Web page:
Entertainment

Planning to brave the crowds for ‘American Idol’ auditions? You don’t really have to.

The scene outside Time Warner Cable Arena on June 17, 2012, when thousands of people lined up to register for “American Idol” auditions.
The scene outside Time Warner Cable Arena on June 17, 2012, when thousands of people lined up to register for “American Idol” auditions. rlahser@charlotteobserver.com

If you want to take a (long) shot at “American Idol” stardom when uptown Charlotte hosts auditions on Friday, feel free to join the throng expected to clog up Levine Center for the Arts Plaza next to the Mint Museum beginning that morning.

However, there are a couple of more-efficient, less-stressful and far less time-consuming ways to try out for the show.

The first is to submit an online audition; the process of uploading an audition video is simple, and you don’t have to stand around in the August heat all day long waiting for your turn to do it in front of real-live people. In fact, the deadline for applying for the show this way isn’t until Nov. 5.

The second method is even easier: Just post a video of yourself singing to a public social media account and use the hashtag #TheNextIdol.

If you do decide to come into the city to try out on Friday, there are a few things to remember. And the most important is the age requirement: Only hopefuls 15 to 28 years old are eligible.

Auditions will be conducted on a first-come, first-served basis at producer’s discretion, and hopefuls should be prepared to sing at least two or possibly three songs either a cappella or with their own musical accompaniment.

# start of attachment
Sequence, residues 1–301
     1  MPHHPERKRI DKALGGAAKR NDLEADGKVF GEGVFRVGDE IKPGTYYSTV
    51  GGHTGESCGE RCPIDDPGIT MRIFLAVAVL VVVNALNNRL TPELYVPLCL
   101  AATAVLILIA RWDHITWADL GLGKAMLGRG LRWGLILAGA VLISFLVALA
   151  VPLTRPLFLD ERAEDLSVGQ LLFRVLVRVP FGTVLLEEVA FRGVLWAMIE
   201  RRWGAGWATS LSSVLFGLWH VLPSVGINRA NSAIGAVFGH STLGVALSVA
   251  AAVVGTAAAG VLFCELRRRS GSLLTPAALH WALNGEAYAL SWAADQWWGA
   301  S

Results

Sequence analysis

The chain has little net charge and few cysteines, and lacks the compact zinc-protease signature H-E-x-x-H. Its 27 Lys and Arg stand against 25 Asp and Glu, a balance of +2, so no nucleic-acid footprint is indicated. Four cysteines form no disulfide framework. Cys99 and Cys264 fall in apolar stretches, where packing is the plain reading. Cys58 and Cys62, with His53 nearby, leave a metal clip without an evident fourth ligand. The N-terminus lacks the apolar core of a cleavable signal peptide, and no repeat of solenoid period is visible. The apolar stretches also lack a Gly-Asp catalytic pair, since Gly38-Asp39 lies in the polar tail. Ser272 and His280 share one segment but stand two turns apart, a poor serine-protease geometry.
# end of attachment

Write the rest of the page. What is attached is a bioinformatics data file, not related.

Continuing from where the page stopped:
It is currently anticipated that auditions will start no later than 9 a.m. and will end no later than 5 p.m.; however, even if you are in line before 9 a.m., there’s no guarantee that you will be seen for an audition. According to ABC, if time is running short, producers “may walk around the audition to pick out people to audition (regardless of how early they arrived) based on performing ability, look, style, personality and other factors, at Producer’s sole discretion.”

There’s a whole bunch of other fine print about auditioning here. (Also worth noting: Celebrity judges Luke Bryan, Katy Perry and Lionel Richie will not be in Charlotte this week.)

Bottom line? There’s no known advantage to trying out in person as opposed to submitting an audition electronically.

Still, we can understand if you want to be there just to soak up the atmosphere. It’s a rather rare opportunity. “Idol” was in Asheville last summer but hasn’t been in the Charlotte area since 2012, when former judges Nicki Minaj and Mariah Carey made headlines for a dust-up at Charlotte Motor Speedway.

Before ABC revived the singing competition this past spring following a two-year hiatus, the Tar Heel State had produced three winners during the initial 15-season run on Fox. N.C. champs included High Point’s Fantasia Barrino, followed by Garner’s Scotty McCreery and Asheville’s Caleb Johnson; no other state has had as much success getting singers to the end of the show.

In the most recent season, two young singers from the Charlotte area eventually found their way onto the show: Johnny White of Hickory and Shannon O’Hara, who fell just short of making the Top 14.

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